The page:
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There’s Another Link Between Our Brain and Hypertension that Could Help Avoid Dementia

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Dementia refers to the decline in cognitive abilities, such as thinking, memory, and reasoning. It is a prevalent condition in the US and around the world, posing significant challenges. Unfortunately, the treatment satisfaction for dementia is currently low, and there is no available drug therapy that can cure the disease.

Given the rapidly aging global population, it becomes crucial to prioritize the development of preventive and therapeutic drugs for dementia.

Excessive consumption of table salt, a widely used food seasoning, has been associated with cognitive impairment. Additionally, a high intake of salt can lead to hypertension, a condition characterized by high blood pressure.

The role of angiotensin II (Ang II), a hormone involved in regulating blood pressure and fluid balance, and its receptor known as “AT1,” as well as the physiologically important lipid molecule prostaglandin E2 (PGE2) and its receptor “EP1,” in hypertension and neurotoxicity, is well-recognized. However, their specific involvement in hypertension and emotional/cognitive impairment caused by high salt intake remains unclear.

In pursuit of this objective, a comprehensive examination was conducted by a team of researchers from Japan and published in the esteemed British Journal of Pharmacology. This recent study meticulously investigated the various factors associated with hypertension induced by HS, while also exploring its impact on emotional and cognitive functions. The findings elucidate the intricate interplay between Ang II-AT1 and PGE2-EP1, which contribute to the development of emotional and cognitive impairment in individuals affected by hypertension.

“Excessive salt intake is considered a risk factor for hypertension, cognitive dysfunction, and dementia,” says Author Hisayoshi Kubota.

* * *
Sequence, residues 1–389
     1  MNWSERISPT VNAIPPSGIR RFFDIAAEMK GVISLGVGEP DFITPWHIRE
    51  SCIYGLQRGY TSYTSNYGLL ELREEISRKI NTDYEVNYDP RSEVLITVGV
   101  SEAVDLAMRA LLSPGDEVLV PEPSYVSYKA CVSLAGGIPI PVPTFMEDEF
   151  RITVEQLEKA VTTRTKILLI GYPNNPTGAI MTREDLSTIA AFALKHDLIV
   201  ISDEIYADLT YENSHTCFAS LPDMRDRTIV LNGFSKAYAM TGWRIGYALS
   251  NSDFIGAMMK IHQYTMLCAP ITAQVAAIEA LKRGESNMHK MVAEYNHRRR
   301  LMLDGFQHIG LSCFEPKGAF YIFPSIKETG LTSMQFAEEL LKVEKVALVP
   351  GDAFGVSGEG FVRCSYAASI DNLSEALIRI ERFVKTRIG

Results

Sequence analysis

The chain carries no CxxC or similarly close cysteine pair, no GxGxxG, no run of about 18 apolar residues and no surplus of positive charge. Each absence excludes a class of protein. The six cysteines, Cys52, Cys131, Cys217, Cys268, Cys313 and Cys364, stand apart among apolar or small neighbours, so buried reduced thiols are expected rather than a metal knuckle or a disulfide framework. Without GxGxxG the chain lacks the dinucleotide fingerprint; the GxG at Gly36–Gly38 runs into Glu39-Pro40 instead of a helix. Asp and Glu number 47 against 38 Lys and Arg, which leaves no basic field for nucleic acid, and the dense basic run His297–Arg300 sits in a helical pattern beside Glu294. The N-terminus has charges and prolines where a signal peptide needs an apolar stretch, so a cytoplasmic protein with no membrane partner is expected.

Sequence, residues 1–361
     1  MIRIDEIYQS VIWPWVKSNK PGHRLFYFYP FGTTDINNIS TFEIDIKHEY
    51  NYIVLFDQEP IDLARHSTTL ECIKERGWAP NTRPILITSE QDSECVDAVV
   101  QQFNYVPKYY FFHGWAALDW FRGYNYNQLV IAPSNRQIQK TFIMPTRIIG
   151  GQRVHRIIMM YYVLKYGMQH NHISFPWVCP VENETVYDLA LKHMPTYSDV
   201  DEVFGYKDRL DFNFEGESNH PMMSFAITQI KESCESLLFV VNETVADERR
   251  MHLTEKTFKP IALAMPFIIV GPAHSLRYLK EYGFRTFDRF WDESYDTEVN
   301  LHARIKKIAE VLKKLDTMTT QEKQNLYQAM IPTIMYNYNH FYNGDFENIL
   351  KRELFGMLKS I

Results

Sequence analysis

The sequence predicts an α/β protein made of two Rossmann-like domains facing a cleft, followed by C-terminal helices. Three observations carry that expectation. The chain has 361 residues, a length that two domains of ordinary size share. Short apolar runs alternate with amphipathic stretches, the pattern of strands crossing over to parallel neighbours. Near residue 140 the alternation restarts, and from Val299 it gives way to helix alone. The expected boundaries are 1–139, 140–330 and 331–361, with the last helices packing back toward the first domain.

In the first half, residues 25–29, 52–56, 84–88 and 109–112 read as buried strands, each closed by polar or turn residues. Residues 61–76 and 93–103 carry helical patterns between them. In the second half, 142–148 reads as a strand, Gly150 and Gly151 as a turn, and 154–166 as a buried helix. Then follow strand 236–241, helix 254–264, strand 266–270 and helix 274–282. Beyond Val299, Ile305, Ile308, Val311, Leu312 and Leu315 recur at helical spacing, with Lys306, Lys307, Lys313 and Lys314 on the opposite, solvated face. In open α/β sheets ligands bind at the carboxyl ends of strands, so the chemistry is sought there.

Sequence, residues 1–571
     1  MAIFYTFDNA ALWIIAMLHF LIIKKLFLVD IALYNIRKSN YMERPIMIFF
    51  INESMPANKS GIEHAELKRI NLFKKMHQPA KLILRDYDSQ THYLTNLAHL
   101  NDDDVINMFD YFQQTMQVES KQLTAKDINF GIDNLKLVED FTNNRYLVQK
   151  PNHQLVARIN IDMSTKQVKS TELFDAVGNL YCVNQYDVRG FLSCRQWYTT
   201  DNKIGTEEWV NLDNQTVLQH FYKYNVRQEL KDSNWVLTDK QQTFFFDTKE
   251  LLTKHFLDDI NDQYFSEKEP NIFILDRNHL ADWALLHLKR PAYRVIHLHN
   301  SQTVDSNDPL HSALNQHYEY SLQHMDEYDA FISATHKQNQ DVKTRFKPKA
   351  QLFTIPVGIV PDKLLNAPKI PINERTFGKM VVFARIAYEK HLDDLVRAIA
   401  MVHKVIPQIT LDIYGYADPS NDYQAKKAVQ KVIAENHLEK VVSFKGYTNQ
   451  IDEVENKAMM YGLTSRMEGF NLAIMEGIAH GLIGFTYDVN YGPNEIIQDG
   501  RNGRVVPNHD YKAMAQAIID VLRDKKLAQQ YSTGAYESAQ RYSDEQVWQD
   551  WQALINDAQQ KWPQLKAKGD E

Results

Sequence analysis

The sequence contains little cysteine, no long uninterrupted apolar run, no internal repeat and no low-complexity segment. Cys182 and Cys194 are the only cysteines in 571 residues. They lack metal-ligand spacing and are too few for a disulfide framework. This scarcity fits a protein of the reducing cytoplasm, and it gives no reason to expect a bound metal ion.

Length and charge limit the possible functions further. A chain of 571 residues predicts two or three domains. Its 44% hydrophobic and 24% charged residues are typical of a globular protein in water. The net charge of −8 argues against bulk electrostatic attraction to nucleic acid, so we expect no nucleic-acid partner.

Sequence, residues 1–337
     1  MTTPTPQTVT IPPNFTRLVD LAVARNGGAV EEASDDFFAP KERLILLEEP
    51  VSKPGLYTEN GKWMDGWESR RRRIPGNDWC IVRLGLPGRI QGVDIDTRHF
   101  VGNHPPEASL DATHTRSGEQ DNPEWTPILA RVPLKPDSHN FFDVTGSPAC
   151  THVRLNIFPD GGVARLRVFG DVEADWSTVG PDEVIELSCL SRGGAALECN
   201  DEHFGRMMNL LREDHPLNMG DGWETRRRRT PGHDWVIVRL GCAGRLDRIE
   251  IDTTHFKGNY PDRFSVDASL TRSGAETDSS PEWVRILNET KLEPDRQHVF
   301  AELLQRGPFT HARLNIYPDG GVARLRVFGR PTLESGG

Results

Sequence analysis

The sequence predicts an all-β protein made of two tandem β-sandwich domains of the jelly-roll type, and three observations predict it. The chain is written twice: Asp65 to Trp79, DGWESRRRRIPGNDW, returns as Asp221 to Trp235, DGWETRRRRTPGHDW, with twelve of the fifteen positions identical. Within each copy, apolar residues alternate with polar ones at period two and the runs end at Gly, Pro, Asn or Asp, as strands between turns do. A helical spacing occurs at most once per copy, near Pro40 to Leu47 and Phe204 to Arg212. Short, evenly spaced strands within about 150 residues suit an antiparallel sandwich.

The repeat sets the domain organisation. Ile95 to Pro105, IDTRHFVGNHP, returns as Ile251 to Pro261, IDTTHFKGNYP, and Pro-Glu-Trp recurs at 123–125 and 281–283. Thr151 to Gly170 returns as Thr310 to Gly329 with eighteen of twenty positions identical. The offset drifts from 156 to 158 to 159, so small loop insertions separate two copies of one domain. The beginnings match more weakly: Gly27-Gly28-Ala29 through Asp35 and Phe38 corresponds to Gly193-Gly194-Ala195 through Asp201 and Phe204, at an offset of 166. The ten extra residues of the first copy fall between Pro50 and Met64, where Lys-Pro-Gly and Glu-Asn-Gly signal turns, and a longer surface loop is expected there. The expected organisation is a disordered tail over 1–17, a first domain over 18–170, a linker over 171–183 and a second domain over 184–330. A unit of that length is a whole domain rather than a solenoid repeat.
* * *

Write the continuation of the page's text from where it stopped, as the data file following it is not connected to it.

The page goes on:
“However, studies focusing on the interaction between the peripheral and central nervous system have not sufficiently investigated this association.”

Based on the available research data, excessive levels of phosphates have been identified as the primary cause of emotional and cognitive consequences associated with the protein “tau.” This finding is particularly significant as tau is a crucial protein involved in Alzheimer’s disease.

In a study conducted on laboratory mice, the research team administered an HS solution (2% NaCl in drinking water) to the mice for a period of 12 weeks while closely monitoring their blood pressure. To assess the impact of HS intake on emotional and cognitive function, as well as tau phosphorylation, the researchers focused on two critical regions of the mouse brain—the prefrontal cortex and the hippocampus. Professor Mouri further explains that the study also investigated the involvement of the Ang II-AT1 and PGE2-EP1 systems in hypertension induced by HS and the resulting neuronal and behavioral impairment.

The findings of this study are highly promising and provide encouraging results. The experimental mice exhibited remarkable biochemical alterations in their brains, indicating potential avenues for therapeutic intervention. At the molecular level, the researchers observed two significant changes. Firstly, there was an increase in the addition of phosphates to tau, which is a protein associated with neurodegenerative diseases. Secondly, they noted a decrease in the phosphate groups linked to a key enzyme called “CaMKII,” which plays a crucial role in brain signaling.

Furthermore, alterations in the levels of “PSD95,” a protein critical for the organization and function of brain synapses (the connections between brain cells), were also observed. These changes highlight the potential impact of hypertension on cognitive function.

Interestingly, the administration of the antihypertensive drug “losartan” reversed the observed biochemical changes. This suggests that losartan may have a beneficial effect in mitigating the detrimental effects of hypertension on the brain. Additionally, a similar reversal of the biochemical changes was observed when the EP1 gene was knocked out, further supporting the notion that the angiotensin II-AT1 and prostaglandin E2-EP1 systems could serve as promising therapeutic targets for hypertension-induced dementia.

“This study is of particular social and economic importance because the annual social cost of dementia treatment in Japan is surging like never before Therefore, developing preventive and therapeutic drugs for dementia seems critical for Japan’s rapidly aging population,” adds the author.

In order to prevent negative health consequences, the World Health Organization recommends limiting daily salt intake to less than 5 grams.

Image Credit: Getty

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